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Epping’s Epic Reads

From Manga to Historical Fiction our Epping team have some epic reads to add to your reading pile!

Second Glance by Jodi Picoult:

I'm the first to admit I'm Jodi Picoult's biggest fan. But you can't deny the way her work never disappoints! She finds a way to dive deep into your thoughts so that you're still thinking about her characters and dilemmas, hours (or weeks, or years) later. You can't help from inserting yourself into the complex situations her characters find themselves in – what if that was me? What would I do?

Second Glance is definitely not an exception. Even though it was originally released 15 years ago, it has stood the test of time and does not fail to captivate the reader's mind from page one, all the way through to page 500.

Like all of her books, Second Glance starts simply – an old man, waiting to die decides to sell his land, which he has held on to for many years because his wife, Cecilia, and their child died there, to a developer. His only request – build a bagel shop. But when a native-American tribe claims the land is a native and sacred burial ground, weird things begin to happen to the town – rose petals rain from the sky, coffee machines only brew lemonade, and the ground freezes in the middle of Summer. Frustrated by these setbacks, a paranormal investigator, Ross, is hired to rid the land of its ghost. However, what Ross finds is not what anyone expects.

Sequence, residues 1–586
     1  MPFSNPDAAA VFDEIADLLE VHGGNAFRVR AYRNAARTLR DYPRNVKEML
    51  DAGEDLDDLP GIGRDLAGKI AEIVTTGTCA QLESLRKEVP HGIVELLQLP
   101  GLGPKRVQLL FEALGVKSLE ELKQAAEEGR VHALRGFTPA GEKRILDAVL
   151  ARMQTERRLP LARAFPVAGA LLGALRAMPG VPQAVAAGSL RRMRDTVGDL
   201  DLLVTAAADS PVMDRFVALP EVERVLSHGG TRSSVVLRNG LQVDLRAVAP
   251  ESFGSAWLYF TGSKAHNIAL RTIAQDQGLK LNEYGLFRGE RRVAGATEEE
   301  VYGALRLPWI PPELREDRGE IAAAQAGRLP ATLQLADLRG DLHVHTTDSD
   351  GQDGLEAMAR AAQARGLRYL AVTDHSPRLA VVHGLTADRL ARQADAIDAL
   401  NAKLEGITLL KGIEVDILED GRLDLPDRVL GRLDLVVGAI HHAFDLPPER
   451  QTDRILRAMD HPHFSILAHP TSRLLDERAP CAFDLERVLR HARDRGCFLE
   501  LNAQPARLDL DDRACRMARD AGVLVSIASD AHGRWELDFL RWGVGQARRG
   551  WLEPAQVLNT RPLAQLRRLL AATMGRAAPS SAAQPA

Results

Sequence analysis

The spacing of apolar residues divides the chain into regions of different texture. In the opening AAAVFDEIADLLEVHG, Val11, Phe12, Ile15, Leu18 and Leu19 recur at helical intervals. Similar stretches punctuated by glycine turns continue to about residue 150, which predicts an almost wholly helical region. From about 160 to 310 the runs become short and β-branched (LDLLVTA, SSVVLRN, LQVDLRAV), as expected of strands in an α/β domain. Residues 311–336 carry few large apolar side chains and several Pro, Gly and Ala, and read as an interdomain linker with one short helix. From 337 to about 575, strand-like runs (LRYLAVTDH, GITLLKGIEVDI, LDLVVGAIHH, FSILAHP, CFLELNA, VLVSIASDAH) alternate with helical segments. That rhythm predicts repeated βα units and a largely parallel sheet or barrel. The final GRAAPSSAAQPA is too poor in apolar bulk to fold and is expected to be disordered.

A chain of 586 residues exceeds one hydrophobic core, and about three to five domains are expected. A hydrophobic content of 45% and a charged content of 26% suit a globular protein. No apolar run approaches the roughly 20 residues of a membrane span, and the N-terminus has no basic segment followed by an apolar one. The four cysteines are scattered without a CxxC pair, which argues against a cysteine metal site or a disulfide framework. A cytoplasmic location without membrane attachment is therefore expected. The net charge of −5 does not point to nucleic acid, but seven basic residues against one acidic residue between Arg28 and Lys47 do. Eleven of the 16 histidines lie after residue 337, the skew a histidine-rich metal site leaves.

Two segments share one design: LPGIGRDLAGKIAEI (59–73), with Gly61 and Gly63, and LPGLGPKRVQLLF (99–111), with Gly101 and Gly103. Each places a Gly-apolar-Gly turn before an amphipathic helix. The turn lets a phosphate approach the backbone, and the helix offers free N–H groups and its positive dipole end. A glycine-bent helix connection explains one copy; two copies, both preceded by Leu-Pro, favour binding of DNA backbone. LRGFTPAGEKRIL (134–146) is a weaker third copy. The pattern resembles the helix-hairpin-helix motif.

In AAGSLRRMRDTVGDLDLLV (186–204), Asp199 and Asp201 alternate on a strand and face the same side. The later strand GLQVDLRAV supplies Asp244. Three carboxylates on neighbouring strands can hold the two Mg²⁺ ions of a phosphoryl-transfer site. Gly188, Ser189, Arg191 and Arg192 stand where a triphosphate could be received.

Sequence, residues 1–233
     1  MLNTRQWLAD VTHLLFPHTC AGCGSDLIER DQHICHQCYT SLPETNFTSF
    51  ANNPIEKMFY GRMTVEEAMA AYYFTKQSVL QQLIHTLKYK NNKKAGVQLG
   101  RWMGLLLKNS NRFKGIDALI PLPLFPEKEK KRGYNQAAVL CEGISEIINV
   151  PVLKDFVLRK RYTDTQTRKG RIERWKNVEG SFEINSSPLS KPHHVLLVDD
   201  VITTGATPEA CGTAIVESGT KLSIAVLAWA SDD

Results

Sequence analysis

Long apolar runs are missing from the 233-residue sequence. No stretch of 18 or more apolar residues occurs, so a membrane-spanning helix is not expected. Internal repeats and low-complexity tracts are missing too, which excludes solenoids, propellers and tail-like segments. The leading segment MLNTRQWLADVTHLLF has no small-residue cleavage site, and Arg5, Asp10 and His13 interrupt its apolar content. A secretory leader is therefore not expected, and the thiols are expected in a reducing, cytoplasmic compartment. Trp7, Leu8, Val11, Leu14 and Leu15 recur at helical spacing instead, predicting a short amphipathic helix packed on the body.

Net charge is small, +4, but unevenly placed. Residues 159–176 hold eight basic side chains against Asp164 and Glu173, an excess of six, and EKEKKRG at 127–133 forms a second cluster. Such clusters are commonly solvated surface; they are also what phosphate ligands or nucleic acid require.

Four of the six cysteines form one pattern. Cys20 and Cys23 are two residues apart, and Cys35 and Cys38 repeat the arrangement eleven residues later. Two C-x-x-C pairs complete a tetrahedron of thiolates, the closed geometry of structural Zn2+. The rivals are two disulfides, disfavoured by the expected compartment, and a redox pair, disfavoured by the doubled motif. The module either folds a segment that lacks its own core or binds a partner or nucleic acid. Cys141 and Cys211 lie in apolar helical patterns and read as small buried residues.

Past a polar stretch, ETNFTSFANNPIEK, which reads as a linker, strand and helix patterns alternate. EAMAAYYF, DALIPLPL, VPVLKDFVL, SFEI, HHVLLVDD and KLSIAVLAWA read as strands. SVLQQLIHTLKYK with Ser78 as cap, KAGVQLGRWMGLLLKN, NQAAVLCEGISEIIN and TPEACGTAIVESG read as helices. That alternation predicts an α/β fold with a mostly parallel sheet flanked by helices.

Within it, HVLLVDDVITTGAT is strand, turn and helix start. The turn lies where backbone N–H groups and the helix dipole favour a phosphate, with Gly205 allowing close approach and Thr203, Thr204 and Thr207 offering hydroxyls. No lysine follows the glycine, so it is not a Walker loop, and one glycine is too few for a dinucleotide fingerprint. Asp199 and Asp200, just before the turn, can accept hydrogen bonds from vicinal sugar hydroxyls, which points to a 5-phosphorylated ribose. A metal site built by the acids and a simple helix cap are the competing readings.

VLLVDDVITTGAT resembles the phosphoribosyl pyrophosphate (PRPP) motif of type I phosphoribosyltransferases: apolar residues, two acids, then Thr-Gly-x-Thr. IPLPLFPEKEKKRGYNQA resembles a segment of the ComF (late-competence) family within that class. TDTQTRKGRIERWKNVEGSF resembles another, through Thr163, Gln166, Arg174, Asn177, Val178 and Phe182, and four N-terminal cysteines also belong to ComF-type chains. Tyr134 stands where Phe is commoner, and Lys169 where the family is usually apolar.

This story jumps from 1932 to 2000 to consider whether Cecilia really died during childbirth or was she murdered? Is it possible to solve a murder more 60 years later? Is it possible to love someone you have never met?

With complicated characters who have all crossed paths at some point in their past, Jodi Picoult reminds us that there are some ghosts we can't run away from. This is one of her best books, so make sure you give it a read! - Jacqueline

The Pillars of the Earth by Ken Follett:

A spellbinding novel that grabbed me from the first page. The Pillars of the Earth is a must for any fan of historical fiction. The novel centres around the town of Kingsbridge and the building of a cathedral there. Set in the middle ages, with a wonderful ensemble of characters, Pillars of the Earth is an ambitious novel with a compelling plot full of twists. I was up all night reading, wanting to know what happened next in Kingsbridge! It truly is a masterpiece. - Danielle

Everless by Sara Holland:

I really enjoyed the concept for this book, which was quite different to anything I've read before! This book is the perfect sci-fi-romance hybrid, which in my opinion is quite hard to balance without one aspect overshadowing the other. However, where most books that fall under this category often end up having the storyline eclipsed by the romance, Sara Holland managed to find a very happy balance. Everless is set in a pre-modern world where alchemy, the practise of finding a solution to mortality, is predominant and has resulted in blood being made into a form of currency called 'blood-irons'. The rich get to live forever and the poor bleed themselves dry trying to pay their debts and fund their means for survival.